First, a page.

Peckham needs decent planning, not emotional speeches

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Just as charities cannot survive these days without a celebrity figurehead, so a campaign for justice or social change cannot really get off the ground unless it is symbolised by a victim for whom the general public can feel some sympathy. Thus the higher-status charities bag the higher-status celebs, who drift into the occasional charity dinner in a haze of stardust and cocaine and bless the proceedings with their presence; while the slightly nerdier, overweight celebs find themselves in a church hall in Warrington trying to be cheerful as they are ogled by the WI jumble-sale mob.

Just as charities cannot survive these days without a celebrity figurehead, so a campaign for justice or social change cannot really get off the ground unless it is symbolised by a victim for whom the general public can feel some sympathy. Thus the higher-status charities bag the higher-status celebs, who drift into the occasional charity dinner in a haze of stardust and cocaine and bless the proceedings with their presence; while the slightly nerdier, overweight celebs find themselves in a church hall in Warrington trying to be cheerful as they are ogled by the WI jumble-sale mob.

This is why Craig Phillips of Big Brother fame is a good thing (despite some of his more neanderthal televised chat-up lines), because he has introduced to the forefront of the public consciousness a positive awareness of Down's syndrome, as opposed to the tedious "mong" jokes one gets on the Eleven O'Clock Show which are then parroted by a series of embarrassed comics in search of a decent joke.

A death that is reported nationally will not be viewed as a truly tragic occurrence by the public unless the victim is socially palatable in some way. This means a child, someone very attractive, someone famous or someone rich. Conversely, if someone is a crook, a prostitute, a tramp, an asylum-seeker or, to be brutally honest, an adult from an ethnic minority, there is a feeling among many people that it doesn't matter quite so much. Damilola Taylor was a child of 10. What if he had been 14? What if Leah Betts had been ugly? What if the Russell family had been asylum-seekers?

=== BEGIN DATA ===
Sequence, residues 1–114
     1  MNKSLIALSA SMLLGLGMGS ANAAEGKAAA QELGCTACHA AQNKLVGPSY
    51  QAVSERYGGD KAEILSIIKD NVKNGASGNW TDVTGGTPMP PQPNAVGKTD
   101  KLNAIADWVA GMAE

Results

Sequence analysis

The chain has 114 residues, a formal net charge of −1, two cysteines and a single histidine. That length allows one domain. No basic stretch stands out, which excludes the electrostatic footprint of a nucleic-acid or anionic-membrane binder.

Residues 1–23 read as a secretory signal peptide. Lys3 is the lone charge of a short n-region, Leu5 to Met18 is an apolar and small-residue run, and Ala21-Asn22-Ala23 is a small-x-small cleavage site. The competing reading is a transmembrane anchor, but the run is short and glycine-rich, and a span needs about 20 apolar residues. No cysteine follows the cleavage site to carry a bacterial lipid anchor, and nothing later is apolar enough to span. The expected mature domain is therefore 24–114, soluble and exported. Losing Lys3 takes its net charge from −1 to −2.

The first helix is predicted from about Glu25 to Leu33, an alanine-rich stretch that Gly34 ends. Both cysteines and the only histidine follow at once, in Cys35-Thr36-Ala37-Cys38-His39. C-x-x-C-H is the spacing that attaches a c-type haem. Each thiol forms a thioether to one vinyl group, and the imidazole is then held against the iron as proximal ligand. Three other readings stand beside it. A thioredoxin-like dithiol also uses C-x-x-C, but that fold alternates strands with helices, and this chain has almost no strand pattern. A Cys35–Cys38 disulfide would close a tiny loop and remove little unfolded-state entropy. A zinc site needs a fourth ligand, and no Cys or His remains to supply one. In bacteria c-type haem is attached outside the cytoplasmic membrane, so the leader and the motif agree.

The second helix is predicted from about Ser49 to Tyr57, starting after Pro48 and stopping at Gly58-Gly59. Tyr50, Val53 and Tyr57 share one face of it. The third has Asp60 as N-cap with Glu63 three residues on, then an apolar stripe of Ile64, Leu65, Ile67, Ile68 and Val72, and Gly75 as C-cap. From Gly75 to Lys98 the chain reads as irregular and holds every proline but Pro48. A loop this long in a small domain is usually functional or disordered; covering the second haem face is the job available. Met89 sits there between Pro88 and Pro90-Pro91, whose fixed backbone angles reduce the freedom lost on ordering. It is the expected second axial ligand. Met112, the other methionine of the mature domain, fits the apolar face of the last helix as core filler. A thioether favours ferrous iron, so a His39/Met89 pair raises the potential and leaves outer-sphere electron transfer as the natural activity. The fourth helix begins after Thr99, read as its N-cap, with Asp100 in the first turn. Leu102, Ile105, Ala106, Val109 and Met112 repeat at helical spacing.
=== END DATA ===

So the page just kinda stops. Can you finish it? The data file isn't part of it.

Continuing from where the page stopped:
The tabloidisation of children's deaths doesn't do any favours for the cause the newspapers choose to address. Rather, these crusades encourage a simplistic mentality that can tackle the problem in only the most obvious of ways. The problem with the North Peckham estate and the recent murder of Damilola Taylor is not a problem simply of race, simply of poverty, simply of violence or simply of child anarchy. It is all these things plus another thousand issues, which cannot be sorted by increasing police numbers, building a community centre or arranging a 10-minute visit by Dannii Minogue.

For a start, most people in this country have absolutely no idea of what Peckham is like or what life there is like. They glean their information from their preferred newspaper, so the place ranges in the public imagination from a crime-infested, murderous hell-hole to an economically deprived borough with high unemployment and a high percentage of ethnic minorities.